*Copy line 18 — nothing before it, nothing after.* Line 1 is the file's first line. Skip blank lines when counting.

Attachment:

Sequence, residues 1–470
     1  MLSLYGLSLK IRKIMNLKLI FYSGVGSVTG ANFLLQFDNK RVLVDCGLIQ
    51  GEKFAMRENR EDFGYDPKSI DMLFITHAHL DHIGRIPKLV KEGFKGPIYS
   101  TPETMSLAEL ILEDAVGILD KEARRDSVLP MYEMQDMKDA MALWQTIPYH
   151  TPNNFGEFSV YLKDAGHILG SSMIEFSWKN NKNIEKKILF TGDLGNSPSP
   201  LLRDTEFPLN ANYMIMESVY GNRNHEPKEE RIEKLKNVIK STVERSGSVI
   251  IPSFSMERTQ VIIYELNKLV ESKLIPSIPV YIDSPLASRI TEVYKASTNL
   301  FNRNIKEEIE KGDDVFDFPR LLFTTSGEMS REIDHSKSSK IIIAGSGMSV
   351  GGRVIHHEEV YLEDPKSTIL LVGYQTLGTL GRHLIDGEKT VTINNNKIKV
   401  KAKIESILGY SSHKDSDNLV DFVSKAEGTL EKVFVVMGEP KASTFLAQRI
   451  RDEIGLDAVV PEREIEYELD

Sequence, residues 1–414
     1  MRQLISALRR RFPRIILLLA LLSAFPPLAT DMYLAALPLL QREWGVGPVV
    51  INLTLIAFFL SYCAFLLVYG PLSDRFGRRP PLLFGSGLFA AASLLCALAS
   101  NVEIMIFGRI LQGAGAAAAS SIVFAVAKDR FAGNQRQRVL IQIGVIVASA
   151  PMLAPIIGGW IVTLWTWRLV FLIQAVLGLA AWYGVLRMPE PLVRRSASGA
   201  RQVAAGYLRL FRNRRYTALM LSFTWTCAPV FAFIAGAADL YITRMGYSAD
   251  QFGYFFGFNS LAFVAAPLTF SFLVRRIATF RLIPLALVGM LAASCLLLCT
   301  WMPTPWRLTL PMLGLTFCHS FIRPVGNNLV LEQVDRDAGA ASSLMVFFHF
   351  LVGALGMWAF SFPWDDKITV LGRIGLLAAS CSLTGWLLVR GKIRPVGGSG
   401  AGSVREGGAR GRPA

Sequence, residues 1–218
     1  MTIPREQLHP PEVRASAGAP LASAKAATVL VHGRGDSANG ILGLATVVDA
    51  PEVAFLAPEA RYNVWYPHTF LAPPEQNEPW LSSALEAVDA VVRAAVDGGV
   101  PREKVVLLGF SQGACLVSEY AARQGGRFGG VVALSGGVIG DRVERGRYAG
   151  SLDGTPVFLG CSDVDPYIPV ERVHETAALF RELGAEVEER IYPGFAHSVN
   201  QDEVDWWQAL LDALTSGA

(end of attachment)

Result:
   251  QFGYFFGFNS LAFVAAPLTF SFLVRRIATF RLIPLALVGM LAASCLLLCT